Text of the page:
The British and Irish Association for Practical Theology

– a short history by The Revd Dr David Lyall, President of BIAPT

Practical Theology is a discipline in transition. When I was a Divinity student in Edinburgh in the early nineteen sixties we were given a few lectures under this title but these were essentially of the ‘hints and tips’ variety, they were only for ordinands and they were certainly not part of an examinable discipline within the structures of the BD degree. There were hints on preaching and the conduct of worship and how to visit (without getting too involved). Today Practical Theology is an academic discipline in its own right and courses have flourished in Britain and elsewhere. We now have our own national organisation (BIAPT) and 1993 saw the inauguration of the International Academy of Practical Theology. What has brought about this change?

The nineteen sixties and seventies saw the burgeoning of various forms of counselling in Britain. The theological colleges and universities could not remain immune from this influence and began to offer courses in pastoral studies which engaged with these new secular therapies. Around 1973 there took place in Edinburgh the first gathering of the teachers of these courses, a gathering out of which grew BIAPT in 1994. There were other important developments as well. Various pastoral counselling organisations were coming into being such as Clinical Theology and the Westminster Pastoral Foundation. And there were those within the churches who realised that dialogue with social and community studies was as important as engagement with the psychological and therapeutic. Also, new technologies were creating a different kind of society posing new questions for the church and its ministry. Hospital chaplains had to exercise their ministry in contexts which were both more secular and which raised cutting-edge ethical issues on a daily basis. There were new influences in theology as well, marked by Bishop John Robinson’s Honest to God (SCM 1963) which proposed a much more constructive relationship with the world. What was required was a new way of doing theology which took seriously both the theological traditions of the communities of faith and the realities of contemporary life.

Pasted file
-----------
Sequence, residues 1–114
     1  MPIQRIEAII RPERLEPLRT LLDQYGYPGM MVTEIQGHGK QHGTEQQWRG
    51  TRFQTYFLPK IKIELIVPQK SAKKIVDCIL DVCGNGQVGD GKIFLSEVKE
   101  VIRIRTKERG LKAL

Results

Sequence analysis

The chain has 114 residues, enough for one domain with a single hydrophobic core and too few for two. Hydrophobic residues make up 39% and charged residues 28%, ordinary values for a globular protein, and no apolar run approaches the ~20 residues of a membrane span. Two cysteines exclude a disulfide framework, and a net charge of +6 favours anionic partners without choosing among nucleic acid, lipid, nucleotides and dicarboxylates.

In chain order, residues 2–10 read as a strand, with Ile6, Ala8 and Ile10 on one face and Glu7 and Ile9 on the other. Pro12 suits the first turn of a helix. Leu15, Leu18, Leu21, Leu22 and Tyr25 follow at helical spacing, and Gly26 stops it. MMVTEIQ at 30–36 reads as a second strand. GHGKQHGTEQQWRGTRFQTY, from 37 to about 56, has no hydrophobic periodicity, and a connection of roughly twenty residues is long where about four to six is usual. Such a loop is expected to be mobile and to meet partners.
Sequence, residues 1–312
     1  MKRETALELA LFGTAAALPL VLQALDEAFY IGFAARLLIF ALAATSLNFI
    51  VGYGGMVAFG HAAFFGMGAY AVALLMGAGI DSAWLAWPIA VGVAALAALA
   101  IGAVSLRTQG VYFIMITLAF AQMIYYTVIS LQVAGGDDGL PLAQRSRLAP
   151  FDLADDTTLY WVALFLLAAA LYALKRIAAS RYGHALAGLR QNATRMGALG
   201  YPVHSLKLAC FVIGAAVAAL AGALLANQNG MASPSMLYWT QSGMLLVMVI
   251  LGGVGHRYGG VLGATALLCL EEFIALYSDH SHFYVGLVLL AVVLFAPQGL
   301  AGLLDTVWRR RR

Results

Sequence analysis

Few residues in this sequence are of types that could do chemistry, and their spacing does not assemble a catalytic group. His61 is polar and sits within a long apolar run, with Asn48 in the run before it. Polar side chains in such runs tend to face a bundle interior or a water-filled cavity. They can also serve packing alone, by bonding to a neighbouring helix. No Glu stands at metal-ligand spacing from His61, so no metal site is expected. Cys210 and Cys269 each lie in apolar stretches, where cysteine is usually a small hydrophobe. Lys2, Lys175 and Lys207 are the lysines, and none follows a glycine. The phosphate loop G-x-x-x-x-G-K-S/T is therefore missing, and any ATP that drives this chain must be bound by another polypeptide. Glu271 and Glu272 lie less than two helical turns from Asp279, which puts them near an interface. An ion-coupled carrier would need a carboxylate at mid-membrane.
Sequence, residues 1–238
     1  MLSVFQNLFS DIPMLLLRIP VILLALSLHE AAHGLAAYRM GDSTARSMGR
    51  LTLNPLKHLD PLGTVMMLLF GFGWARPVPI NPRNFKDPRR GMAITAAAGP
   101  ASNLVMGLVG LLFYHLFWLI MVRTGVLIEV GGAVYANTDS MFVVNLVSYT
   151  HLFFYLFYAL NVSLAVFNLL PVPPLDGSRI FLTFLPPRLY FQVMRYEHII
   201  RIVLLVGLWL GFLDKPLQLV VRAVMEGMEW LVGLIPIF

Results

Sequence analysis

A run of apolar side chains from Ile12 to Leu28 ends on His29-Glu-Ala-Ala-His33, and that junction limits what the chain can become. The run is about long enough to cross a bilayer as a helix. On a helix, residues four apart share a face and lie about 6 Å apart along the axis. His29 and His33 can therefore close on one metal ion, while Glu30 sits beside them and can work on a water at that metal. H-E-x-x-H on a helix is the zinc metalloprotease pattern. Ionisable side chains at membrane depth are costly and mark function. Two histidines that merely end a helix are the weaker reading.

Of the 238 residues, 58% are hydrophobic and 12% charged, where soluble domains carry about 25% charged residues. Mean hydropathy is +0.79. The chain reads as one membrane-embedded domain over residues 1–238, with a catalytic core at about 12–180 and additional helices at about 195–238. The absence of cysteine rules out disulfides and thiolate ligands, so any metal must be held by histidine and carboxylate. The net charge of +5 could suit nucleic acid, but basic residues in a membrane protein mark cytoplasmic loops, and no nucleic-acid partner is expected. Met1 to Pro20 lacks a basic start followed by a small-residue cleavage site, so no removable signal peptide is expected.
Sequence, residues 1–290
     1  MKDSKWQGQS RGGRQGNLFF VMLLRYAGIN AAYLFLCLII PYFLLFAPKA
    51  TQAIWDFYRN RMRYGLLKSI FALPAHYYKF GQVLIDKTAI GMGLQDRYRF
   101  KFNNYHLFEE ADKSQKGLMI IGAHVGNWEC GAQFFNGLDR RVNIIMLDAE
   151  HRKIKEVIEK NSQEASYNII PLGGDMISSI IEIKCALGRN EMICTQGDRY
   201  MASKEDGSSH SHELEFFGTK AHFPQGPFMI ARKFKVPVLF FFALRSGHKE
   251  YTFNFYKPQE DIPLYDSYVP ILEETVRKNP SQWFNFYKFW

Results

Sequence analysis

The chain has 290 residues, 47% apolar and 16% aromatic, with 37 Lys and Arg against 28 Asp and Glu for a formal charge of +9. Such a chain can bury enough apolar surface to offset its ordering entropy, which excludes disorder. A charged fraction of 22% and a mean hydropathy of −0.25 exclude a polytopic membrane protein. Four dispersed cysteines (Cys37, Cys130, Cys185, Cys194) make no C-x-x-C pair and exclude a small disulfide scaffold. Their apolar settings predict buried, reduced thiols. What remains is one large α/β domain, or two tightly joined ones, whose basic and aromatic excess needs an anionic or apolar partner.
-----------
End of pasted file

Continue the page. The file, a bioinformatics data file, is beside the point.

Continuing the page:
While it is arguable that much of the content of the sub-disciplines which constitute Practical theology – preaching, worship, pastoral care, mission – has largely remained unchanged, what is radically new is its method. The older idea was that Practical Theology was essentially Applied Theology. There were timeless truths – propositional and creedal – embodied in scripture and tradition which, somehow could be applied to each new circumstance. This approach was found too simplistic and inadequate. A new approach was needed and so the ‘action/reflection’ model was born, a way of doing theology in which theory and practice were brought into a constructive dialectic with one another. A central concern of BIAPT has been how this process takes place and recent consultations have explored the nature of the task of theological reflection which is integral to it.

So, who are we, this diverse group of individuals who call ourselves practical theologians? Some of us are academics who believe that true theology can only be generated in the context of a pastoral ministry contextualised in the life of the world; others of us are essentially practitioners, exercising ministry in parishes or hospitals, in counselling or social service but who do so in the conviction that such ministry is at its deepest and most effective when funded by the riches of our theological traditions. Most of us would claim to be both theologians and practitioners at some level; and all of us are committed to working together through conferences and publications on this exciting interface between theology and practice. Our website points to the ways in which this happens – our annual conference held in a different centre each year and the journal Practical Theology amongst many other ways.

In the nineteen sixties, Practical Theology did not figure within university degree structures. The nineteen seventies saw the emergence of certificates and diplomas followed by courses at degree level. The nineteen nineties witnessed a major expansion of Practical Theology at Masters Level. Now a number of universities are offering collaboratively a professional doctorate in Practical Theology. All this speaks of the growth of a discipline in which BIAPT has been a major influence. These developments are worthwhile in themselves. Ultimately, of course, their main justification must be both practical and theological – the proclamation of the Gospel and the building up of individuals and communities in a life of faith.

David Lyall